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Best Friends by Shannon Hale and LeUyen Pham (Illustrator)
Checking Out Crime by Laurie Cass
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Elegant Yokai Apartment Life, Volume 2 by Hinowa Kouzuki
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The Ghost and the Femme Fatale by Alice Kimberly
Going, Going, Ganache by Jenn McKinlay
Jackpot by Nic Stone
The Little Ghost Who Was a Quilt by Riel Nason and Byron Eggenschwiler (Illustrator)
Mango, Mambo, and Murder by Raquel V. Reyes and Frankie Corzo (narrator)
Murder in a Teacup by Vicki Delany
Samantha Spinner and the Perplexing Pants by Russell Ginns
Shadowhouse Fall by Daniel José Older
Sisters of the Neversea by Cynthia Leitich Smith
A Stitch in Time by Kelley Armstrong
Sugar and Iced by Jenn McKinlay
The Tell Tail Heart by Cate Conte
Yule Be Dead by Lorraine Bartlett, Gayle Leeson and Jorjeana Marie (narrator)

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Mango, Mambo, and Murder: 11/26/21

Mango, Mambo, and Murder

Mango, Mambo, and Murder by Raquel V. Reyes is the start of the Caribbean Kitchen mystery series. Food anthropologist Miriam Quinones-Smith has moved home to Florida with her husband and their preschool aged son, Manny. While she's from Miami, they've moved to nearby wealthy white enclave, Coral Shores, where the Smith name means something.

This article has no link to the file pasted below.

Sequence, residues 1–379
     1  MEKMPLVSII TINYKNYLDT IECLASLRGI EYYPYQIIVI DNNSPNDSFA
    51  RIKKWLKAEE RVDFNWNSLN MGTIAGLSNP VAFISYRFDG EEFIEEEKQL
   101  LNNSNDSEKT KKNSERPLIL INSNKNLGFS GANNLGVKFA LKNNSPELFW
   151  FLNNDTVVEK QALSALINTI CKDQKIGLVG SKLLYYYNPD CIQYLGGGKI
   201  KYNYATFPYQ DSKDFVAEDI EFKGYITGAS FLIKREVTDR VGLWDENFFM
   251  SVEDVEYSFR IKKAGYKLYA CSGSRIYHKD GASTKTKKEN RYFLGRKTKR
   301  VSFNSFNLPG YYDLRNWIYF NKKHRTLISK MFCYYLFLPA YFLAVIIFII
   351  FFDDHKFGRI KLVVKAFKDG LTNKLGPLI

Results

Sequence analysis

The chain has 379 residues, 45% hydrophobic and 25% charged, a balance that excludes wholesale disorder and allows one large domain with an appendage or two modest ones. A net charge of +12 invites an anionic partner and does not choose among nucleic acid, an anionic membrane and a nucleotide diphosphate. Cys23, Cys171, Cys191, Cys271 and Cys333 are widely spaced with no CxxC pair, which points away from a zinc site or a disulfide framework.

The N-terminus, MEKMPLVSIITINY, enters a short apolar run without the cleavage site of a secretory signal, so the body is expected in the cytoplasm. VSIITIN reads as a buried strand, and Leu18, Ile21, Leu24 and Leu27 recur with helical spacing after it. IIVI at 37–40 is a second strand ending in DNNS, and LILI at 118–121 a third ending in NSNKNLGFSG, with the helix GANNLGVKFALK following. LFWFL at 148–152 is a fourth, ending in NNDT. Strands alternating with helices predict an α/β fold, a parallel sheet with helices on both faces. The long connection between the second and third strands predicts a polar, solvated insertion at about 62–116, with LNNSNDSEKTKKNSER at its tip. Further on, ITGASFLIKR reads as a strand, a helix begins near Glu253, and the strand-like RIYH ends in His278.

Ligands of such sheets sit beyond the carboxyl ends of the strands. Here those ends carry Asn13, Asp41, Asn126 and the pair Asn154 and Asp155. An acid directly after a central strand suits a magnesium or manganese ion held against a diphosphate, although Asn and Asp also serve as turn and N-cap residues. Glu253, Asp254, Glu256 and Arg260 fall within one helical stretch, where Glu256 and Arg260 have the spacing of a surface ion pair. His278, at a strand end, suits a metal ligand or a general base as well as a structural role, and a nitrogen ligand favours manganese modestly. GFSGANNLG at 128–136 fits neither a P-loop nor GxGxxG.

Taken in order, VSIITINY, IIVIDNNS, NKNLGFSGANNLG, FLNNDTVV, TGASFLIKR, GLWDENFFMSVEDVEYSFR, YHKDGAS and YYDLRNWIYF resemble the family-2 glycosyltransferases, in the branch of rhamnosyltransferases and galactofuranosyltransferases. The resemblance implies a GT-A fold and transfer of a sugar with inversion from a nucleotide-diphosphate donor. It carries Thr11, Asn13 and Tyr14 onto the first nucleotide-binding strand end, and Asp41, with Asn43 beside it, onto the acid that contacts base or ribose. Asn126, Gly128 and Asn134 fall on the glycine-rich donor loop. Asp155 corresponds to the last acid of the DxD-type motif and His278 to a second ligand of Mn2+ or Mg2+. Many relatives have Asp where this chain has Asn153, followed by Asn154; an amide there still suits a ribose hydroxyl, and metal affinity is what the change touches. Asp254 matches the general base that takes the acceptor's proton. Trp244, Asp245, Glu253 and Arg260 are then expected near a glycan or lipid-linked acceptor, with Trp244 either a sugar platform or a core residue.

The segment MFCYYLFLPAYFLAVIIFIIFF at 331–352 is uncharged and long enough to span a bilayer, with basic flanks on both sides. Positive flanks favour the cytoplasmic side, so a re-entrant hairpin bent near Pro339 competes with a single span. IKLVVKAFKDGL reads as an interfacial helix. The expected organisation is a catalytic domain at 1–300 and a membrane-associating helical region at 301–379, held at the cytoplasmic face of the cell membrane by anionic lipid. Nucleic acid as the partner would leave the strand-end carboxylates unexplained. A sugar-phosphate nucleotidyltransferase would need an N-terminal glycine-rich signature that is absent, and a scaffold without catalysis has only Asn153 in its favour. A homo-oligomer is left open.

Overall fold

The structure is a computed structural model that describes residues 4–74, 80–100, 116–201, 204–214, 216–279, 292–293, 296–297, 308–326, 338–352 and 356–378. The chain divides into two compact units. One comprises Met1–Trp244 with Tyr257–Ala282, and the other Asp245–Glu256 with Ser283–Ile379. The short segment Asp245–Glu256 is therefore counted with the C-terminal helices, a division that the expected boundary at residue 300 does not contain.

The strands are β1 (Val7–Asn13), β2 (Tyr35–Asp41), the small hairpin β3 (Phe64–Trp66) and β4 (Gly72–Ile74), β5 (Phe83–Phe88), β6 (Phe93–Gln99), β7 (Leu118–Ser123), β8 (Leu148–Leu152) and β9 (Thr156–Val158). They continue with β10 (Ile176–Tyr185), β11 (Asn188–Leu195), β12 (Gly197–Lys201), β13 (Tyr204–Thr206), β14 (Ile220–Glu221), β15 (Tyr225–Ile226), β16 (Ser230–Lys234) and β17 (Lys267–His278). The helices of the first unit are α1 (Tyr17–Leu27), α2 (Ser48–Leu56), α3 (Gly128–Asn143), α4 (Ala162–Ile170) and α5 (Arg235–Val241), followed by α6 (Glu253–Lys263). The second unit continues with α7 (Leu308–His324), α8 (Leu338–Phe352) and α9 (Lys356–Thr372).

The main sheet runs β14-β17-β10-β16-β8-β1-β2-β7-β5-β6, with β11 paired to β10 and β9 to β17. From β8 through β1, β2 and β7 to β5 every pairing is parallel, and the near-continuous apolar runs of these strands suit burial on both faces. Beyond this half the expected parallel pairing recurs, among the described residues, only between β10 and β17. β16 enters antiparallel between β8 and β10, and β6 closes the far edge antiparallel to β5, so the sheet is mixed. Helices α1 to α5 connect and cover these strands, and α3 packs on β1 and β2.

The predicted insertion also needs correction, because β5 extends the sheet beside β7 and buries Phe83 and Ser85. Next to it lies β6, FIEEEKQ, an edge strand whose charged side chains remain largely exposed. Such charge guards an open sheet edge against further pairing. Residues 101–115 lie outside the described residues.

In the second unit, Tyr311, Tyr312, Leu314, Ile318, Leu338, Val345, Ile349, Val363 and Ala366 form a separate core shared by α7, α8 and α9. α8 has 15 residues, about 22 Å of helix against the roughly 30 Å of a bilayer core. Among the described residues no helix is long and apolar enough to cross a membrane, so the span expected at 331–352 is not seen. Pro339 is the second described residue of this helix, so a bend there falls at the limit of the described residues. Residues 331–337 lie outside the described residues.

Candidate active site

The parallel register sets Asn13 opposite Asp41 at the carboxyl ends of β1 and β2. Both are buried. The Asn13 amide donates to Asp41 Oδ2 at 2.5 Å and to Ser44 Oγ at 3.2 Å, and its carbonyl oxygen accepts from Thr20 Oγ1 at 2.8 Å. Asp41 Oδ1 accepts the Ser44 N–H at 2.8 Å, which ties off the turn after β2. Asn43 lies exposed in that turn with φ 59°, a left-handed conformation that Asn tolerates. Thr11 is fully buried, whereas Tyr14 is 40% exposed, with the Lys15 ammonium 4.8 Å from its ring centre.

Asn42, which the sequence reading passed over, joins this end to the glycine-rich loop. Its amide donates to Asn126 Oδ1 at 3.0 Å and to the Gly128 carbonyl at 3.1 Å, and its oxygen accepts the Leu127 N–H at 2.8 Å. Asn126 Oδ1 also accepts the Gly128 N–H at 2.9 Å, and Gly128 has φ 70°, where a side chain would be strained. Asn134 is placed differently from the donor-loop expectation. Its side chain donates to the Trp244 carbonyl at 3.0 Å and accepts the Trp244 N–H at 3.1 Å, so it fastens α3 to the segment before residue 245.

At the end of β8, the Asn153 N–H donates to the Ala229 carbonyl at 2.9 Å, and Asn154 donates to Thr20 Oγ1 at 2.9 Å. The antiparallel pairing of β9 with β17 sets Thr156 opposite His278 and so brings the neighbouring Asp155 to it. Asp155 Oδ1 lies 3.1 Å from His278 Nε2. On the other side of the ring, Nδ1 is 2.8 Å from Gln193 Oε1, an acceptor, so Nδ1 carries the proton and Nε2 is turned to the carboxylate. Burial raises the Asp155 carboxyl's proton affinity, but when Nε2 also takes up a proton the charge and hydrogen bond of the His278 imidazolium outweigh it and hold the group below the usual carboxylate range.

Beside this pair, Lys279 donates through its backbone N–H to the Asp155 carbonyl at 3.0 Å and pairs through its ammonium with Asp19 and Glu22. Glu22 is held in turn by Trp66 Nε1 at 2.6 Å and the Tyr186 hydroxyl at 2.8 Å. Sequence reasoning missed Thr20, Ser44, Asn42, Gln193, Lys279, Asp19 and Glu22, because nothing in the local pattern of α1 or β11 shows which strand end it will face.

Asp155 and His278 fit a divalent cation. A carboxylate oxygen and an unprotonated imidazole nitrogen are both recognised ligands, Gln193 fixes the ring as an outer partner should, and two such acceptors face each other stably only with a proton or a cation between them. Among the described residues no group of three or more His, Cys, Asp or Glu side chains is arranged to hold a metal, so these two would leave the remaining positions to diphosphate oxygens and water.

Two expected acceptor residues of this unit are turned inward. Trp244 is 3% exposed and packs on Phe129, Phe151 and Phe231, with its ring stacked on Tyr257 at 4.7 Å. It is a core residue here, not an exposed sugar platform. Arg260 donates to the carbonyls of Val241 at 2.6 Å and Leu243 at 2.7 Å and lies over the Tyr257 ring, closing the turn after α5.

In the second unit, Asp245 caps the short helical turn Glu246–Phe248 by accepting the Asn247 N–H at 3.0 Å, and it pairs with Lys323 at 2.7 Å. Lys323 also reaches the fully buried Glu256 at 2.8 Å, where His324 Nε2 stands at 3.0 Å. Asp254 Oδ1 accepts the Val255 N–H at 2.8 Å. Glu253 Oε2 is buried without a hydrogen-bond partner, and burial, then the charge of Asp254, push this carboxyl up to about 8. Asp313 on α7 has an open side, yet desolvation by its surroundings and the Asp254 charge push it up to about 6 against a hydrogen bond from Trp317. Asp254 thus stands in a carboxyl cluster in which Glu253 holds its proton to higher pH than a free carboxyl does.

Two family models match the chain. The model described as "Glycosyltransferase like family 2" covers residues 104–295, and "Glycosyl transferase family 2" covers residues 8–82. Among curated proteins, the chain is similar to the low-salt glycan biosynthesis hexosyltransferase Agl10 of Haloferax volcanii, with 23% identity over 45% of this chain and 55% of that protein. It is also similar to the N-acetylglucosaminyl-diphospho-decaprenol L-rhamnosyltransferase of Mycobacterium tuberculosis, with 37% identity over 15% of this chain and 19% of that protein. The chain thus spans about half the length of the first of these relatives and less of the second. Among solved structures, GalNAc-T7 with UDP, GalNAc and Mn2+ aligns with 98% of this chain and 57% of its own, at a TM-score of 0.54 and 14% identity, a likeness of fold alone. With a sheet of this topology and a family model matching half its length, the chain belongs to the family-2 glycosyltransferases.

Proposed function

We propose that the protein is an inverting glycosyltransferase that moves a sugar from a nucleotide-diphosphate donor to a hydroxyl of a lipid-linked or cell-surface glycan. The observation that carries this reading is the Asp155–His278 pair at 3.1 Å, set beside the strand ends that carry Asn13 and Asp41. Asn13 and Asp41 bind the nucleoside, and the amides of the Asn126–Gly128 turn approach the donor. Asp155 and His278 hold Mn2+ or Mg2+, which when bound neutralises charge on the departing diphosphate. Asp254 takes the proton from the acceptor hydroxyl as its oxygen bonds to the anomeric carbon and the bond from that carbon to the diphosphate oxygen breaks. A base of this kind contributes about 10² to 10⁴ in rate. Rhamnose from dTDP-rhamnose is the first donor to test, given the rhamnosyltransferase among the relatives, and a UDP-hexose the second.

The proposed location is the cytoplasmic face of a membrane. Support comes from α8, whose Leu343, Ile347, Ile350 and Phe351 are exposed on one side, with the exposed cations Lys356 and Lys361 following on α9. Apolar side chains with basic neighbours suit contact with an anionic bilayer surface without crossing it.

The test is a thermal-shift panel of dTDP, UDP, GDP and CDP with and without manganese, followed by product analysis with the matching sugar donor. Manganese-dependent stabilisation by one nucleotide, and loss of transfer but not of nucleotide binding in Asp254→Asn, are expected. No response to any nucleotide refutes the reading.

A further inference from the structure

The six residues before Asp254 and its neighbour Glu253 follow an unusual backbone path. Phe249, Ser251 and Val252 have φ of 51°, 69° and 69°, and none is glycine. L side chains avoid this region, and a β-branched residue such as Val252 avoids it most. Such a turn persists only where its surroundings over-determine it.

Miriam expects to be spending her time unpacking, setting up her office, maybe getting a part time job, and mostly, avoiding as best she can her horrible mother-in-law. Frankie Corzo's performance of her mother-in-law made me picture Emily Gilmore from the Gilmore Girls. During a women's club meeting a woman ends up dead right after drinking a custom tea. Miriam's long time friend and self made real estate star is arrested, accused of poisoning the woman.

Mango, Mambo, and Murder builds a narrative around the path Miriam has to take as a Cuban American woman married into a wealthy white family. While her husband is onboard with raising their children equally in both cultures and bilingually she has to face the racism and micro-aggressions of her neighbors, relatives and strangers in Coral Shore. She also has to learn how to wield her privilege — one not earned through her education (she has a PhD) but gained through marriage.

Her investigation into the death, though, also gives Miriam a way to establish herself among the Latinx community. She's able to parlay her knowledge as a food anthropologist into a new career, one that is her success and hers alone — something her mother-in-law can't take credit for. She's able to provide for her family while still being an active parent in Manny's life.

Finally I loved how Spanish is used in the novel and left primarily untranslated. You either understand it or you don't. The way it's rolled into the narrative and the dialog is natural and helps to world and character build.

Five stars

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